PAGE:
Different market means different size of the firm relative to market. In PC or MPC, the firms are small and therefore, may not be able to adjust to changing market conditions. The firms may end up with losses when dd falls. There is lower ability to depend on past earning to the over hard times, Small firms also have less ability to expand when dd increases, therefore the size of the firm limits its ability to earn a high level of profit. However, a large firm will have the ability to deal with hard times as well as the ability to expand its business when times are good
Level 3 (7-10m): Thorough explanation of at least 2 aspects of market structure differences that contributed to the different profit levels
Level 2 (5-6m): Adequate explanation of how market structure differences contributed to the different profits
Level 1 (1-4m): Descriptive answer on why firms have different profit levels
JC Economics Essay – Firms’ Alternative Objectives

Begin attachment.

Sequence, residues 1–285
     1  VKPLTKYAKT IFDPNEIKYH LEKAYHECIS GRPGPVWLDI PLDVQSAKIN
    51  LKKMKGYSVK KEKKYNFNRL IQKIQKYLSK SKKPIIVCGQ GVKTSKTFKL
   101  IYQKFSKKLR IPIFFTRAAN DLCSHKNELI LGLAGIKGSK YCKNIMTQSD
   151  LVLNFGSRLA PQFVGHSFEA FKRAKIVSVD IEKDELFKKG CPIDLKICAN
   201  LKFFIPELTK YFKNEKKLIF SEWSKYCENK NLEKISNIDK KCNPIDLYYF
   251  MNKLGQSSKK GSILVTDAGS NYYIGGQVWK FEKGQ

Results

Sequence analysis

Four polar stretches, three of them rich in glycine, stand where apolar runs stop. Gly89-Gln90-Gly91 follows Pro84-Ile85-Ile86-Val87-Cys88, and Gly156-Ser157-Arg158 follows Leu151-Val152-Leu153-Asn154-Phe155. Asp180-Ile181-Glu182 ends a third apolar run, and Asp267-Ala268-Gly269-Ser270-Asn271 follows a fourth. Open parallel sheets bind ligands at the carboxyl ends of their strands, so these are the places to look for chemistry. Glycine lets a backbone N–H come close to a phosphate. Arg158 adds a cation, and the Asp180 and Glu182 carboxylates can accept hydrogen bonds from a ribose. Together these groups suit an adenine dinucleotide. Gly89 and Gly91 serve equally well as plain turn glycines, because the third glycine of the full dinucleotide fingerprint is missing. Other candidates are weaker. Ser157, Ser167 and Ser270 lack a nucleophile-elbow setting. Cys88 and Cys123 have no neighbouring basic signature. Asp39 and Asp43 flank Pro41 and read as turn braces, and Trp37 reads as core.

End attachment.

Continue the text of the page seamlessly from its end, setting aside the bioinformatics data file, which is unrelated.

According to economic theory, a firm’s main objective is to maximize profits. To do so, the firm will produce the output to ensure that its TR > TC by the greatest margin. To achieve this, the firm will need to produce an output where MR=MRC. Therefore, the profit max motive will determine the output and pricing decision of the firm.
(Sketch diagram of price and output determination using MC=MR)
Under PC, to max profits, the firm will produce at min cost since it is a price taker. Under MPC, the firm will also try to minimize cost as that is one way to ensure competitiveness. In monopoly and oligopoly, firms have greater leeway in its price and output decisions since there are BTE which allow the firm to protect its profits. The level of profit made by the firm will determine its ability to innovate or not. Under PC and MPC, where the firm makes only normal profits in the LR, they have hardly any profits to engage in R + D to improve their products. This is b/c R+D activities incurs a high costs which may have no returns unless there is a successful outcome to the innovative process However, under monopoly or oligopoly, the ability to retain its supernormal profits would mean that the firm can engage in R + D since they have excess profits. The supernormal profits allow the firm to achieve dynamic efficiency. However, if the firm needs not worry about competition, it may not engage in R+D since there is no necessity to do so.
However, profit level does not always determine the behaviour of the firm. This said, the firm must still make at least normal profit (without external help) to remain in the industry in the LR. The other objectives include: